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Discovering Angkor

Siem Reap


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For most foreigners, Siem Reap exists for one reason: as a base for the Angkor Archeological Park, the official name of sprawling complex of temples spanning several centuries of Khmer imperial history.

Having survived the minibus I spent my first full day chilling out as it was raining and I thought it best to defer my visit for the better weather forecasted for the following day. I used the time to see the Angkor National Museum, which although extortionate ($12!) was beautifully laid out and a great introduction to the history of the area. The afternoon improved enough to allow some time by the gorgeous pool at my guesthouse.
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The next morning, as much to my surprise as yours, I got up at 5am and cycled to Angkor Wat on the pink bike I had hired the night before for the princely sum of $1.
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The sunrise was slightly marred by a bank of dark clouds that appeared at exactly the wrong time, but still provided a decent photo or two and ensured I was there early enough to beat both the heat and the Chinese tour groups.
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Angkor Wat is the best known temple complex and the largest religious monument in the world. It was originally Hindu but was gradually converted to a Buddhist site when the official religion of the Khmers changed and has been in constant use since construction began in the 12th century. It is suitably impressive and contains some truly spectacular bas-reliefs.
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Next came Angkor Thom, the ancient citadel. Most of the buildings were wooden so long disintegrated, but what remains are several temples and terraces. Bayon has many faces of Buddha hidden in its towers.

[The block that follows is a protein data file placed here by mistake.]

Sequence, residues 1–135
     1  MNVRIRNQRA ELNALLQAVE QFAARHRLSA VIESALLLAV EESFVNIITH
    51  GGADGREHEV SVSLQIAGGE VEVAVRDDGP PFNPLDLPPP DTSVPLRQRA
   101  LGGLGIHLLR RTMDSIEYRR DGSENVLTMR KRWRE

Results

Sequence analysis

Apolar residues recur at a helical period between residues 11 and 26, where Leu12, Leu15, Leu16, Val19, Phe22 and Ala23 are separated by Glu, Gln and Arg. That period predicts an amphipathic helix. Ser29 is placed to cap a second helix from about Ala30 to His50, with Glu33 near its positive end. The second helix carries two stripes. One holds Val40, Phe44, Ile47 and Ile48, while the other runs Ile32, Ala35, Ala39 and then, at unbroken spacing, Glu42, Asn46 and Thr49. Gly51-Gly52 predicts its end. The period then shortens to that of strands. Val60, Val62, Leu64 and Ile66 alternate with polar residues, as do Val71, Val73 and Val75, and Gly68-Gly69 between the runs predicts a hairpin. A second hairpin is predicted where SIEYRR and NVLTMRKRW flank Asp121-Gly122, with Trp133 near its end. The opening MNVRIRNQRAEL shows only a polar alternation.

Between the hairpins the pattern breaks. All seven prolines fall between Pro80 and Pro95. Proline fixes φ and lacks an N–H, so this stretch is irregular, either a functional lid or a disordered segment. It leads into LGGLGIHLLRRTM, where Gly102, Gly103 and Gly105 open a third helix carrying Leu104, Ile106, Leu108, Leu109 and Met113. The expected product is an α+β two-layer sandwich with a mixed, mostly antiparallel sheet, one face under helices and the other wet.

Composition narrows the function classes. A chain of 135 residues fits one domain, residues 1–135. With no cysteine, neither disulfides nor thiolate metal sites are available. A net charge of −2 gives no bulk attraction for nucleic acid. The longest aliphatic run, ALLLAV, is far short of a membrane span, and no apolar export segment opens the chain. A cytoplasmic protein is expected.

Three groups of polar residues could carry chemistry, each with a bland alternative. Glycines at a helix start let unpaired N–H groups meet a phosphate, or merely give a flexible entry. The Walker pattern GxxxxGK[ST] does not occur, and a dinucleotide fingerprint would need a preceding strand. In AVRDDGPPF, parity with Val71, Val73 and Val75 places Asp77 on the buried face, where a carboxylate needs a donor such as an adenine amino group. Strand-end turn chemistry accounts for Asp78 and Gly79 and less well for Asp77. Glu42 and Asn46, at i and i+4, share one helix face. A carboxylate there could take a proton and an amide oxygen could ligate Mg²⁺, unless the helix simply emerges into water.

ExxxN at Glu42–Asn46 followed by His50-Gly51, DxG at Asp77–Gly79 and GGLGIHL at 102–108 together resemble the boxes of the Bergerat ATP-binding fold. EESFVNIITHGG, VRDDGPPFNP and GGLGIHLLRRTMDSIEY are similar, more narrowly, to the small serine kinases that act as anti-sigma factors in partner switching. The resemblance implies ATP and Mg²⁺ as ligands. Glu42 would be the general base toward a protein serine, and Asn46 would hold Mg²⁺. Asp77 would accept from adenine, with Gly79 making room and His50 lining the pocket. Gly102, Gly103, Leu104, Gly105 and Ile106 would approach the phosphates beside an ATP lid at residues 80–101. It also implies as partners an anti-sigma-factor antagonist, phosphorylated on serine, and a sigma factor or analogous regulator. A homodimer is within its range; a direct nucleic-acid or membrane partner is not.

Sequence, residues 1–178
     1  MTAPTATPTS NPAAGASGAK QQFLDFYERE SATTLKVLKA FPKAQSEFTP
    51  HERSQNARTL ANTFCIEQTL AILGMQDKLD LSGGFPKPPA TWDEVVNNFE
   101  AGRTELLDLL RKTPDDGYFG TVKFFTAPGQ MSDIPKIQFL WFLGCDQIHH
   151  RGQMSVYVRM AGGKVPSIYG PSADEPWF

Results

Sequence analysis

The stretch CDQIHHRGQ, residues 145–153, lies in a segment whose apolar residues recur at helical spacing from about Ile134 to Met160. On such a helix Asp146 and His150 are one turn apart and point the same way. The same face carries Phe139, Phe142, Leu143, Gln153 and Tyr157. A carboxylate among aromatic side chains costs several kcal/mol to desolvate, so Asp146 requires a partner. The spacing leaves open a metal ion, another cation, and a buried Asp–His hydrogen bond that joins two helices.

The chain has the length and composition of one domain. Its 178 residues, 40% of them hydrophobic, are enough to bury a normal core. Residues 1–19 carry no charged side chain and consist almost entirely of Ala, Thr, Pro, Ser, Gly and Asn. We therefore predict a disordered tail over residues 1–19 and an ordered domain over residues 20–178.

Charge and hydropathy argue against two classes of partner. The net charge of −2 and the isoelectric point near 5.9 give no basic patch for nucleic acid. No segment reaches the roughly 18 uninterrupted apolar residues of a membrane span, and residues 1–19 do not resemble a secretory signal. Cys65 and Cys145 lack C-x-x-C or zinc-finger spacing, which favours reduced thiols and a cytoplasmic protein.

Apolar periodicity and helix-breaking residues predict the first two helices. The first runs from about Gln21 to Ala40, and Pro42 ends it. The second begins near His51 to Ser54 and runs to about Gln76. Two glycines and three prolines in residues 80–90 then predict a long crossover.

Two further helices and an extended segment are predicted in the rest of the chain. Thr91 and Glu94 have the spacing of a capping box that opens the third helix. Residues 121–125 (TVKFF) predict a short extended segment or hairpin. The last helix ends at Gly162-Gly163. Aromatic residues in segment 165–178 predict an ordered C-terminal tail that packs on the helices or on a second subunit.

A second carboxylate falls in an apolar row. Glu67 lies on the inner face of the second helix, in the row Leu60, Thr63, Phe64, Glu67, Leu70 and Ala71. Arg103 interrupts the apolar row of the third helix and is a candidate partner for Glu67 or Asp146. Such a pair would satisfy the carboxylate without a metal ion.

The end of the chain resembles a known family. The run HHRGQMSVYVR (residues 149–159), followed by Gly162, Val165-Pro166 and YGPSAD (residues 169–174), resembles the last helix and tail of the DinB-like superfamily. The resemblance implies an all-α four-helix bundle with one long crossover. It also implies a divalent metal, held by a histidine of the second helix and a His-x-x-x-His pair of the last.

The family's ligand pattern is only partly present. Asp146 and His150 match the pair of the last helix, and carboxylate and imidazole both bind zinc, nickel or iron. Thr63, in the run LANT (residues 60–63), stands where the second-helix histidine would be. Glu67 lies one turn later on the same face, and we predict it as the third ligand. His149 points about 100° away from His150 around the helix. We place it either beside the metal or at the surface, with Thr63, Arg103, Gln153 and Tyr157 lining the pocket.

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Baphoun has been painstakingly pieced together from stone blocks scattered in the forest, a process that only finished in 2011 after over 50 years of work and was described as the worlds largest jigsaw puzzle.
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After refuelling with fried rice and fresh coconut water (and joined by a British girl and her Nigerian friend who I'd bumped in to at every temple before lunch) I cycled the couple of kilometres to Preah Khan, which was the first royal capital. It is undergoing work to stabilise it but remains largely untouched.
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Continuing my circuit I visited Neak Pean, a man-made island on one of the reservoirs that has an ornate at its centre (see Instagram for a view of the walkway) and Ta Som, one of the smaller temples.
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By this point the temples were blurring in to one, but a highlight of the day was cycling along the beautifully maintained flat road, not another tourist in sight, catching glimpses of ruins between the trees with the sun glinting off reservoirs and paddy fields.
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The late afternoon light provided the atmospheric Ta Prohm with even more character. Known as the Jungle Temple, this is where some of the adaptation of Tomb Raider was filmed. Whilst some restoration is being undertaken, much of the temple has been left at the mercy of the trees, which have grown through and around the stonework creating some spectacularly eerie visuals.
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12 hours and 45km after the start of my day, the sun set over the moat at Angkor Wat.
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Posted by arianemeena 20:25 Archived in Cambodia

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Comments

Very impressed that you cycled it! It was tiring enough getting a tuktuk everywhere!

by Lucien

Great photography and explanation! Love it

by Bala

Loved the atmospheric photos,and fairly gobsmacked by both the v early start and long bike ride!?
Enjoy next stage of trip through Laos etc.Mx

by Jane Waran

Stunning photos and a beautiful day aptly described. It's days like that that make travelling such a unique experience, and temper thoughts of constantly smelly clothes, arduous packing and repacking and having to get to grips with yet another local public transport system.

Who'd have thought you were reluctant to get on board with this whole blogging thing?!

by Josh

Doh, meant to say impressive work! Had no idea that it's such a big complex x

by Ali

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